I played a $55 tournament last night and it was pretty frustrating. We started with 6K chips and 31 people. I finished 22nd after a little more than three hours. I never got my stack up to more than 9500. What was wierd was that nobody ever had a big stack. We were all sitting around short-stacked, trying to get chips, but really just moving them around the table in equal proportion.
I’ll write up a recap of the significant hands later, but for now I’m going to play a $50 + 5 freeze-out online. My first goal today will be to get my chip stack above 150% of the starting chip stack.
I finally wrote the recap, so here it is:
This tournament’s structure is very fast. We start with 6K chips (up from 4K earlier this year) and blinds of 25/50. Blinds increase every 20 minutes according to the following schedule: 25/50, 50/100, 75/150, 100/200, 150/300, 200/400, 300/600, 400/800, 500/1000-100, 700/1400-100, etc. So, the blinds don’t make big jumps between levels, but the levels go by very quickly. To put this in perspective, the starting stack is 120 BB, but if I were to break even for the first 60 minutes, I’d be down to 30 BB, which is borderline short-stacked. I believe the proper strategy for this structure is to come out firing and try to amass a large pile of chips early, so I have a lot of ammunition when the stacks start getting short and people start tightening up.
So, the first hand of the tournament, I was UTG with 54s and brought it in for a raise to 125. Only the SB called and the flop came down 43x rainbow. I felt very good about this flop since I had paired and it was very unlikely that the flop hit his hand (although the SB is a pretty tricky, solid opponent). He checked, I bet out 100, he called. The turn was an Ace, making the board A43x rainbow. I didn’t like this card very much, but he checked to me, so I bet 250 and he check-raised to 500. Since I had a pair and a gutshot straight draw, I called figuring I had good implied odds if I made two pair or a straight on the river. The river was a Deuce, making the board A234x and giving me the second nuts. He bet out 700 (by now I’ve got him on an Ace or possibly two pair with something like A4 or A5) and I raised him to 2000. He called and I triumphantly turned over my straight as he showed his 52o, which had made a straight on the turn. We chopped the pot and the whole table had a good laugh at the two of us putting in half our chips with five high. The interesting thing about this hand as that we have played against each other many times before, so we were both “playing the player”. I think we both had the other guy on a couple big cards (probably an Ace) and we both thought we had trapped the other guy.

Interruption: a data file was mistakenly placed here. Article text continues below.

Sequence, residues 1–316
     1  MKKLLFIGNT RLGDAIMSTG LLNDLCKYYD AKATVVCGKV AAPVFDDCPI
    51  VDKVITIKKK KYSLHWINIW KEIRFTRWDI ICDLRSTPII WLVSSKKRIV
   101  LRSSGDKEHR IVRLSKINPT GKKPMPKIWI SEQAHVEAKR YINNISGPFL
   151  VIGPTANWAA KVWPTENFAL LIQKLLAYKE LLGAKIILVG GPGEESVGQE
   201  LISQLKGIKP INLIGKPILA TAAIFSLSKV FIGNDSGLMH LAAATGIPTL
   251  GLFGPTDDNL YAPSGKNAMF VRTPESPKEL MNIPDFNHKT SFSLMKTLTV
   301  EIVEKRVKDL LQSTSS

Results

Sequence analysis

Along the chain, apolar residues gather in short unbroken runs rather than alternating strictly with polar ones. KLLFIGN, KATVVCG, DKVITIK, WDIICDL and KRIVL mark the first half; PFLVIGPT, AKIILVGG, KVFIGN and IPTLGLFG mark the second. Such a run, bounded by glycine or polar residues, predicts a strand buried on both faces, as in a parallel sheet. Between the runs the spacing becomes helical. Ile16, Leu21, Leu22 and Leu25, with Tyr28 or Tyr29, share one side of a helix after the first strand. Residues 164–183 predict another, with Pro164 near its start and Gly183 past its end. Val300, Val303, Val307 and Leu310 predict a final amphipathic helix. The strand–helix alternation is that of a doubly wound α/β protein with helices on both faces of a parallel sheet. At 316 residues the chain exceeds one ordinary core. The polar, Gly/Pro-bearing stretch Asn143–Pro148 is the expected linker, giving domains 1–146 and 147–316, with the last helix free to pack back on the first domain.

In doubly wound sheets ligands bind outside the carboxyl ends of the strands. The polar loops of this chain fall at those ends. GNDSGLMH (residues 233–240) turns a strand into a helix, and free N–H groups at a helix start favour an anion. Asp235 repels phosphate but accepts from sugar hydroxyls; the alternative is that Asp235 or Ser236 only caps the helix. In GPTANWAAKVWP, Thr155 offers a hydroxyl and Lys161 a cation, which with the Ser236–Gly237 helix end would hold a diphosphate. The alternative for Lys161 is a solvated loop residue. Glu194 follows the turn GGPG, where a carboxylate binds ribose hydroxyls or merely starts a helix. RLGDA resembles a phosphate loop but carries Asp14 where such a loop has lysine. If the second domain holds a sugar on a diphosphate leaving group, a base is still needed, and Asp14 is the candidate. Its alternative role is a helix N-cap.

I didn’t know it at the time, but that was the most excitement I would see during the tourney. There really aren’t any other good hands to recap, actually. I bluffed off a quarter of my stack with 9-high on an A46 board with two clubs. I got little to no action on my few big hands (I couldn’t really figure this out since I’d shown that I was crazy enough to play 54s UTG for half my chips). I never got about 9500 chips and most of my table was around or initial 6K chips when I busted at the 300/600 level.
My last hand was a bad one as I made the right play at the worst time. A middle position player raised it to 2200 (a little more than 3.5 BB) and everyone folded to me in the SB. I looked down at AJo and moved in for about 4800 more. He thought for a long time and finally called with QQ, which held up and I was done. The reason this was such a bad play was that I made it against the tightest player in the tournament. This guy simply doesn’t play crummy cards. For him to open in middle position with me in the blind, I’d say he had at least AQs+ and pairs 99+ (I think he would limp with pairs 66 to 88). Because of the size of his raise, I put him on 99, TT, AQs or AK. It just seemed like he had a good hand, but not one that he wanted action on. In this situation, I think he would’ve folded AQs, maybe AK, 99, TT and maybe JJ to my re-raise. Unfortunately, at this stage in the tournament, I think I gave him too wide a range. I think his opening range for that bet is more like TT+, AK, which means there are less hands he would fold here (I can no longer get him to fold 99 or AQ since he’s not raising with them there). The bottom line is I made a bad play against a really tight player and I got my chips in as a 7-to-3 dog.
That about sums up the whole tournament. I never really had a big hand, but I ran into plenty of big hands (at least one set, top pair and a flush draw) and I chopped my best hand of the night (the wheel from the first hand). It seemed like my cards didn’t matter as I missed virtually every flop I saw (again, except the first hand). It just wasn’t my night. I think I might have one more chance to get enough points to win a seat to the TOC, but I’m not sure. Last I checked, 10 people get a seat and I was number 11 or 12.